Cuban trogon, national bird of Cuba
Lichen on tree
At each place, the guide pointed out trees, plants, and birds. The Cuban trogon, pictured on the left above, is the national bird of Cuba. It is known in Cuba as the tocororo, or tocoloro, for its call. This trogon is sitting on the branch of a tree with the nickname “English Tree,” so-named for its red bark that looks like sunburned and peeling skin. The lichen (pictured on the right above) that grows on some trees as splotches or stripes, depending on the type of tree, indicates that the health of the air is good in this area.
We made a stop at the village shops that service the community. Here we were able to sample local Cuban coffee in the Café de María.
We went from here to Casa del Campesino, where we had lunch. We had a salad (cabbage, tomatoes, cucumber), bread, sweet potato crisps, rice, black beans, chicken, shredded pork, and chocolate ice cream and coffee (espresso) for dessert. While we ate, a peacock and a mother hen with chicks searched the ground just in front of the restaurant for crumbs. One brave chick ventured inside to search between feet under the tables .
While the itinerary listed free time to swim at Rio San Juan, the Las Terrazas guide told us that was not possible because there had not been enough rain for the past three months. When some group members asked whether we could see it anyway, she declined, saying the place “would be embarrassing.”
We headed back to Havana on the bus. The local guide accompanied us for a few miles before getting off near her home.
On the bus, the tour members questioned our guide about various topics. Our guide, in discussing higher education in Cuba, described someone she knows who has a college degree in computer science, but at his job was asked to use MS-2. After a few seconds, someone said “DOS,” but the moment passed. The guide did not realize that MS-DOS means “Microsoft Disk Operating System”; she just translated the Spanish word “dos” into the English “two.” (MS-DOS was principally used from the 1980s to the mid-1990s, after which it was gradually superceded by Microsoft Windows, although it was the underlying basic operating system through Windows 98 SE. Microsoft support for Windows 98 SE ended on July 11, 2006. The guide’s acquaintance was being asked to work with a system that hasn’t been supported for 10 years.)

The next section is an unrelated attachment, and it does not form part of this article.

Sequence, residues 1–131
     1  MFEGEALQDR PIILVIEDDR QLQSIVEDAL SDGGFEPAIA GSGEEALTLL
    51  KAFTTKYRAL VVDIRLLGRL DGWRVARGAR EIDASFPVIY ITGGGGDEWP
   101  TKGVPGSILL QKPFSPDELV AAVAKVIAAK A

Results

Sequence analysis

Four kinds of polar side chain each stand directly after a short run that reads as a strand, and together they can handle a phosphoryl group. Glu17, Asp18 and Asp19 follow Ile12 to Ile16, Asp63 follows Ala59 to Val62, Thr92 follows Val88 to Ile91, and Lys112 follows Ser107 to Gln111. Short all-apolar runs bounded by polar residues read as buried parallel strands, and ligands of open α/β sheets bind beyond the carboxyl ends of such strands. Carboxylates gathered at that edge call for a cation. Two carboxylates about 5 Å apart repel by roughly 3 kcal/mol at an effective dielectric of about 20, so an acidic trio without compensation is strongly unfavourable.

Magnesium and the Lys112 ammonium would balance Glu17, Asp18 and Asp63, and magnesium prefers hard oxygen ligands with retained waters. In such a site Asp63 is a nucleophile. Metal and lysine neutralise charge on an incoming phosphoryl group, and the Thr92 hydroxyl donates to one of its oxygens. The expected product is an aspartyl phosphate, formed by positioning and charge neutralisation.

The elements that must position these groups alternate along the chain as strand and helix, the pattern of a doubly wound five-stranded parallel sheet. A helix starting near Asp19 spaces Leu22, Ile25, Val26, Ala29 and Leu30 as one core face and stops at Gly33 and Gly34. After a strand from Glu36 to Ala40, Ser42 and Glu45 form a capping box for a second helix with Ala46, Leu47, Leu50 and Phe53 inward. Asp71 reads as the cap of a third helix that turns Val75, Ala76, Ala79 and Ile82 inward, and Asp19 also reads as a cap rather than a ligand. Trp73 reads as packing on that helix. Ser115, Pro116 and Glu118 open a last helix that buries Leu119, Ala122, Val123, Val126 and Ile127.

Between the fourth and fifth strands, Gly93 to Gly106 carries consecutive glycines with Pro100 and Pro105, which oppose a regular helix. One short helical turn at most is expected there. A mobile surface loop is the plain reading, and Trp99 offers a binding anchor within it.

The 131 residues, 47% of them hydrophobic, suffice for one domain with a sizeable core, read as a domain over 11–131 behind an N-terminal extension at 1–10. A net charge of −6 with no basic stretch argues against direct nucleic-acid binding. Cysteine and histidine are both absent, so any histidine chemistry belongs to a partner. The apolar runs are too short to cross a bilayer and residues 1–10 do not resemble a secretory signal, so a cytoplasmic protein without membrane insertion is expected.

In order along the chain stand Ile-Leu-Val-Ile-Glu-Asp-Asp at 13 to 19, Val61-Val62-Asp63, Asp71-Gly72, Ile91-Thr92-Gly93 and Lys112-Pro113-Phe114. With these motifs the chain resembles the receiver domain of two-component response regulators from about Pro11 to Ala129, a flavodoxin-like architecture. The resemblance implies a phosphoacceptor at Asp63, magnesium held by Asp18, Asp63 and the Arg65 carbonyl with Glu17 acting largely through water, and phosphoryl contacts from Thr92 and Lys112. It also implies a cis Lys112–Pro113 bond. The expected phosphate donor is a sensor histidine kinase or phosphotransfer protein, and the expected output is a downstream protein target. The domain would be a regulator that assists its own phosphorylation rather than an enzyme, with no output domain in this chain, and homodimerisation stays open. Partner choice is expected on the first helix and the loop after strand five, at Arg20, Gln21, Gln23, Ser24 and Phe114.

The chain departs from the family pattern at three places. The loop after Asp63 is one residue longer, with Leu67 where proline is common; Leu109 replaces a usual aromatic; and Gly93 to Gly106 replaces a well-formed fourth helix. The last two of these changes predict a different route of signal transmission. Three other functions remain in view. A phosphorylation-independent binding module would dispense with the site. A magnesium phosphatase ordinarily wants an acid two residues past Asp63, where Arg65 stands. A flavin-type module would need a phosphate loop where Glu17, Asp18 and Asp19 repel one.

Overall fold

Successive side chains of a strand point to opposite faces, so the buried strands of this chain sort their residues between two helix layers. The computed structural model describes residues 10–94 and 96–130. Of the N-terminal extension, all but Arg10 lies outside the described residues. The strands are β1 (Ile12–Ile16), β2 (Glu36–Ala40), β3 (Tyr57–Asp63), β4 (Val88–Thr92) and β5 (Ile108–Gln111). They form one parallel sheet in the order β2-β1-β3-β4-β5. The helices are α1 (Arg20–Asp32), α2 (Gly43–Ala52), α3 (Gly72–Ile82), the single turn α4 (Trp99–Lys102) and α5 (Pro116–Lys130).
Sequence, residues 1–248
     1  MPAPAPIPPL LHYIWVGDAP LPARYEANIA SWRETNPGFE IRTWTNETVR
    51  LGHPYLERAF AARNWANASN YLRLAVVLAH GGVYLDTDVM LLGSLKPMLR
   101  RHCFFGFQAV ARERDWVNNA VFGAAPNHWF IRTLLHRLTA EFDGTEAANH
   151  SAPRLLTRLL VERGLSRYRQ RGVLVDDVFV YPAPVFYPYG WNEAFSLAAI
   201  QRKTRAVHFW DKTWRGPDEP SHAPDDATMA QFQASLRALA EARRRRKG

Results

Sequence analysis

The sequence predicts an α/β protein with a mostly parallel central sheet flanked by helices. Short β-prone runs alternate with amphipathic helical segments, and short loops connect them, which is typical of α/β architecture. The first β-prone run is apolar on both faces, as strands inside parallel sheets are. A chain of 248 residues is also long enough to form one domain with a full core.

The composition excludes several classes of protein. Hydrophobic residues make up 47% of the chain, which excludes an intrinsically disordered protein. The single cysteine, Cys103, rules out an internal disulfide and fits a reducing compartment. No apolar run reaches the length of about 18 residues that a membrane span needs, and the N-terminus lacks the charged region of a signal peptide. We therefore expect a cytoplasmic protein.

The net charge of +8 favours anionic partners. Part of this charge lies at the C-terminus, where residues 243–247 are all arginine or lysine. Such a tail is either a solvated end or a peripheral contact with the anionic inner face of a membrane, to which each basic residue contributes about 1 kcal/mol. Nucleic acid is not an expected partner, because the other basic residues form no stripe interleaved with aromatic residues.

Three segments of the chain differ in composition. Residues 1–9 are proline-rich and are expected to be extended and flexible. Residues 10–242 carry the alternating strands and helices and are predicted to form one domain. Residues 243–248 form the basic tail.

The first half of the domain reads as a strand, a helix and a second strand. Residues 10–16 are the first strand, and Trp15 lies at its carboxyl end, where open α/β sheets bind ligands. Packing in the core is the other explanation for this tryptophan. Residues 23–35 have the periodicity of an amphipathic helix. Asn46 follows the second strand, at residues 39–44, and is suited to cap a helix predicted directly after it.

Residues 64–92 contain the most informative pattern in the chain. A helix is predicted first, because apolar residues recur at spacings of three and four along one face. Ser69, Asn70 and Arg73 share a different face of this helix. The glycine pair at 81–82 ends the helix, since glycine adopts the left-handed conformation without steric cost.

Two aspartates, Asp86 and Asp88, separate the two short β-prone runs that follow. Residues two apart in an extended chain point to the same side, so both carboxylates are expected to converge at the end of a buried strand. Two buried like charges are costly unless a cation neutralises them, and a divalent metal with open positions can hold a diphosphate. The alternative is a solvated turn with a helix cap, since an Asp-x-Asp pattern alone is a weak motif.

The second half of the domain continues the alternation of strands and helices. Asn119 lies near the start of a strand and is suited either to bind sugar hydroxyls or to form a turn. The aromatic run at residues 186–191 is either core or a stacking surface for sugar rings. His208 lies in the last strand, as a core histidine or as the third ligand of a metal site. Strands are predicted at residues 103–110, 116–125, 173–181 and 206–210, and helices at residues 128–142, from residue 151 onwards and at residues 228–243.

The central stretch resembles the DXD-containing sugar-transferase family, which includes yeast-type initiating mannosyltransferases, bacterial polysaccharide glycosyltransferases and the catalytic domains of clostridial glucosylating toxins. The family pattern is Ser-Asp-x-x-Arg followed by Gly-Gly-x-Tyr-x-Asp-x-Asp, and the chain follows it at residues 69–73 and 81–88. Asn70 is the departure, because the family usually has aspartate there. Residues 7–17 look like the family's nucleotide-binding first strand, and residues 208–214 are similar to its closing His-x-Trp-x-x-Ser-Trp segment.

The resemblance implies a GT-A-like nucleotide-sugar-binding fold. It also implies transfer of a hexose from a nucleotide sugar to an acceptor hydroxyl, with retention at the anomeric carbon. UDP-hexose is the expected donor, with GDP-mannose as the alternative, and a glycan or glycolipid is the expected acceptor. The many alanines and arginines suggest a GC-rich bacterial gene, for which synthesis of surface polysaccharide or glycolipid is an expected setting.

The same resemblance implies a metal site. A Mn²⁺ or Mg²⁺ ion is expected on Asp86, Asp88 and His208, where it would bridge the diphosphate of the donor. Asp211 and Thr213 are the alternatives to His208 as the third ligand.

We arranged with our guide for a reservation for dinner at a restaurant in Old Havana. We will go and return by taxi on our own.
We were all returned to our hotel to freshen up before dinner. Five of the group are going in a convertible old car to the Tropicana for a show tonight. They will be out very late.
When we got to our room, we found that the plumbing for the sink had been repaired while we were out. There are new supply lines and shutoffs. This should be the end of the leaking. This probably means that our toilet was also actually repaired several days ago. As an added bonus, our maid left us a towel swan, which we can now keep intact.
Dinner is at Restaurant Moneda Cubana on the corner of Mercaderes and Empedrado Streets, near the Cathedral Square at 7 pm. We took a taxi from the hotel and were at the restaurant 15 minutes early, but they seated us anyway. We had a table for two on the rooftop, at the edge with a beautiful view of the fort across the Bay of Havana and of the surrounding buildings and the small park below where boys were playing. The dinner was bread (rolls, large crackers, and bread sticks) with a dipping sauce, squash soup, two large lobster tails each, rice, and some cooked green pepper and cucumber slices. It was delicious.
As we were finishing, we saw that four members of our tour group were seated at the other end of the roof from us. Our guide had independently recommended the restaurant to all of us, but we didn’t know we would all end up there. We were finished before they were served.
After this, we walked to El Floridita, which is a bar that Ernest Hemingway made famous. There is a life-sized statue of him posed at the end of the bar, and many tourists have their picture taken with “him.” After taking pictures, we sat and listened to a small band play Cuban music. There were four women (singer, drums, guitar, and flute) and one man (bass) in the band and they were quite good.
After this, we walked around taking pictures after dark of streets, statues, buildings, and parts of buildings (e.g., towers). We walked back to the same area near our restaurant and declined offers of taxis until a young man with a green 1952 Pontiac approached us. His car has a Toyota engine and a Citron steering wheel. He drove us back to the hotel for a good price.
We bought a 500 mL bottle of water before going back to our room. Then blogging and bed. Tomorrow the bus leaves at 9 am.
Stay tuned for more of our Cuban diary. If you want to catch up on the first days, read: